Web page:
Copyright laws are largely unregulated, which means that two people who wish to collaborate on a creative work must establish their own rules and regulations when it comes to the sale and distribution of that collective work. The rights and duties of a co-author are outlined by the joint authorship doctrine of the Copyright Act, and can only be changed in a contract or agreement between two parties.
The rule of thumb is that on any joint authorship project, the author and co-author should agree to terms prior to the start of the work, and should agree accordingly. Even if you are writing a book with your best friend, it is always best to get it in writing. No longer is it safe to seal a deal with a handshake, and pen and paper are always the better choice.
However, if there is no formal agreement between two parties as to the copyright ownership of a work, the Copyright Act will hold this agreement for them:
1. Equal Ownership
Both parties – the author and co-author, or whatever other arrangements between contributors – will own equal part of the final work. This means that profits generated by the work will be split evenly between them, even if one individual did substantially more work than the other.
Division is something that most contributors to a single work will find difficult to grasp. Under the Copyright Act, when no other formal agreement is made, each contributor owns half of the entire work, and not necessarily those parts that they contributed. In other words, if a children’s book is written by one person and illustrated by another, they will each own half of the illustrations and the words, rather than dividing between the illustrations and words.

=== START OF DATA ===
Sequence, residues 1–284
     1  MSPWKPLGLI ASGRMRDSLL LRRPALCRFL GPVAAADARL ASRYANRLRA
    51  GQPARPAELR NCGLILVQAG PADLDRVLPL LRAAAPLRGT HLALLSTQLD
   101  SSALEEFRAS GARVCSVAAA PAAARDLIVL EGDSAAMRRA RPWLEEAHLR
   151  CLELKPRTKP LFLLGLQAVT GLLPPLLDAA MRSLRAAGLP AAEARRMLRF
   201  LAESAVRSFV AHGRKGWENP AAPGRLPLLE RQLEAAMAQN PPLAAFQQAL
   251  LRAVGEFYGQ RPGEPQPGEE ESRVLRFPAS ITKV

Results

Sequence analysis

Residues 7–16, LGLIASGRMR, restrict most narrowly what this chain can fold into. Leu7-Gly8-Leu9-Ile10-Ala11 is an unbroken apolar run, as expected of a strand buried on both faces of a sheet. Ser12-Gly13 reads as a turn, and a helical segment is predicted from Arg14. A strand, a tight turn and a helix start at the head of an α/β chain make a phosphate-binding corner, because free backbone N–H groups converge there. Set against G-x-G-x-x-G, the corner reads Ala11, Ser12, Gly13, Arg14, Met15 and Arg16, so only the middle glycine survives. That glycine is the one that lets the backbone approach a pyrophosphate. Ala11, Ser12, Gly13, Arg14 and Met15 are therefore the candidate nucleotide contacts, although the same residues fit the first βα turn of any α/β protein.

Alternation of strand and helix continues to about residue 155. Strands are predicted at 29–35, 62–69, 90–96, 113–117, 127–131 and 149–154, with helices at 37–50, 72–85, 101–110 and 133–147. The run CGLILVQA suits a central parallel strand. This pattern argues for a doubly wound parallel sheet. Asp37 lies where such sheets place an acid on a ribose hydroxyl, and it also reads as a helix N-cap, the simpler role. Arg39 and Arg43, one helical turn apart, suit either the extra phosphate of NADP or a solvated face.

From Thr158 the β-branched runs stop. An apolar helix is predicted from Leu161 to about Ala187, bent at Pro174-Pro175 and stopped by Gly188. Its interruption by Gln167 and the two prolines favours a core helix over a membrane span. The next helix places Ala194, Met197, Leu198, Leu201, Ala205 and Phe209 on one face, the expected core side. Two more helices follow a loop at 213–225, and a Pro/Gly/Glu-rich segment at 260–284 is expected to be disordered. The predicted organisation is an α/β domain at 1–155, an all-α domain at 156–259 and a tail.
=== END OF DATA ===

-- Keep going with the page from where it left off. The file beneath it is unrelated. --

3. Third-Party Rights
All contributors to one particular work must agree to grant publication rights to a third party. This means that if Joe and Diane write a book together – granting them joint authorship copyright – Joe can’t sell the book to a publisher without Diane’s consent.
4. Shared Profits
No matter when, how or by whom the material is published, all contributors are entitled to their portion of any profits. This means that, in the above example, Joe is not allowed to keep Ã?Â¾ of the profits while Diane only enjoys a quarter of them. All parties are required to admit to any profits generated by the work, and distribute accordingly.
5. Transfer of Ownership
Unless otherwise stipulated, one of the contributors has the legal right to transfer his or her ownership of the material to a third party, or back into the hands of the other contributors. In other words, if Diane decides she doesn’t want her name on the book anymore, she can transfer the ownership to Kristin and allow Kristin to take over Diane’s half of the ownership. Similarly, she can transfer the entire copyright ownership to Joe.
6. Authorship Credit
When and if the material is published, each contributor is allowed an equal credit for the authorship. This means that the book created by Joe and Diane cannot say ‘by Joe’ unless Diane agrees that her name does not need to appear in the byline.